II. Combating Desertification
We recognized that desertification, land degradation and drought (DLDD) constrain sustainable development in the region, put ecological services at stake, and are some of the main causes for regional dust and sand storms (DSS). Sustainable land management and vegetation restoration in drylands are effective means of prevention and mitigation for DLDD as well as DSS. Restoration and rehabilitation of species' habitats in drylands and the promotion of biodiversity conservation provide resources and ecological support for regional green economic development.
We expressed satisfaction on the previous cooperation in this field. We will continue our close cooperation, implement the agreements reached at the UNCCD COP 10, and make full use of and develop the existing cooperative frameworks to further the exchanges and cooperation in desertification control, promote the restoration and regeneration of forest and grass vegetation, sustainable land management and resource utilization, and facilitate DSS prevention and control in the Northeast Asian region.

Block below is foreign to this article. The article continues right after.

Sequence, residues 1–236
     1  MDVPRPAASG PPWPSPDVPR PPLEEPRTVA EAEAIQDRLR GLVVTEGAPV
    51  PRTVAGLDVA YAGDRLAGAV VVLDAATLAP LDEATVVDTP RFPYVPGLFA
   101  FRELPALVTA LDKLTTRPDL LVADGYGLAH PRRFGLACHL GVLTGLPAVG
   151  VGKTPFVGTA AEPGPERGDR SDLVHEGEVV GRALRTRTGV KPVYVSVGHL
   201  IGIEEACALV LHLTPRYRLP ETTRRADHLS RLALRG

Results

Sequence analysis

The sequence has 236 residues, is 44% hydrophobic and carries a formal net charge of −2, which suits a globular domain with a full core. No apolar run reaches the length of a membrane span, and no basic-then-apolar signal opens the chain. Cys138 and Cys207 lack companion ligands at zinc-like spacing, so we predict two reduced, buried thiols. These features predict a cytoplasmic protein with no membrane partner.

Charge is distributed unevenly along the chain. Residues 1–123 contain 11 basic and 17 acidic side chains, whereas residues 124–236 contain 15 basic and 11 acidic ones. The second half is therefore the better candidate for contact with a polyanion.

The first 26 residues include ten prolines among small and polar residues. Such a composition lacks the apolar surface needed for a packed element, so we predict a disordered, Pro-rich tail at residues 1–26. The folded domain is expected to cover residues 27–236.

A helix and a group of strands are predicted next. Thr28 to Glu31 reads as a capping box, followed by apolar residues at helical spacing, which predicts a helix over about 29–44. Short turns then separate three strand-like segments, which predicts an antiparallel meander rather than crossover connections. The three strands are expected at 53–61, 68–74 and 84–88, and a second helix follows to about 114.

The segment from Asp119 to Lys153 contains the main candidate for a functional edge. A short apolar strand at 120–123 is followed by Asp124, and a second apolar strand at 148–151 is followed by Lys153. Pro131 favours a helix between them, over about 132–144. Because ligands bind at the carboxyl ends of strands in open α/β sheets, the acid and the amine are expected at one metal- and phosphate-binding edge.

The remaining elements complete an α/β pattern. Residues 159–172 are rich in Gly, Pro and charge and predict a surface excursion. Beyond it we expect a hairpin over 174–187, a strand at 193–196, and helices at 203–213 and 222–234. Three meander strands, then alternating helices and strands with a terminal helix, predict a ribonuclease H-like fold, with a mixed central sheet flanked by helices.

III. Wildlife Conservation
We recognized the significant role of stronger conservation of wildlife including endangered species in enhancing the biodiversity given that the number of species has been decreasing sharply worldwide due to various reasons such as habitats reduction and climate change in particular. We decided to enhance information sharing in the areas of the rehabilitation and conservation of endangered species and their habitats, and to explore the possibility of related cooperative programs to advance joint efforts. We confirmed that it is desirable to facilitate mutual cooperation and technology exchanges for crested ibis restoration and migratory bird conservation among the three countries which are closely interconnected in terms of climate and geography.
We confirmed that further efforts will be made towards promoting exchanges and communications between working level officers to enhance the mutual understanding of our respective policies and positions on sustainable forest management, combating desertification and wildlife conservation by making use of the existing frameworks.
We reaffirmed our commitment for the enhanced cooperation on sustainable forest management, combating desertification and wildlife conservation among the People's Republic of China, the Republic of Korea and Japan and decided to explore the possibility of expanding our cooperation to East Asia when appropriate.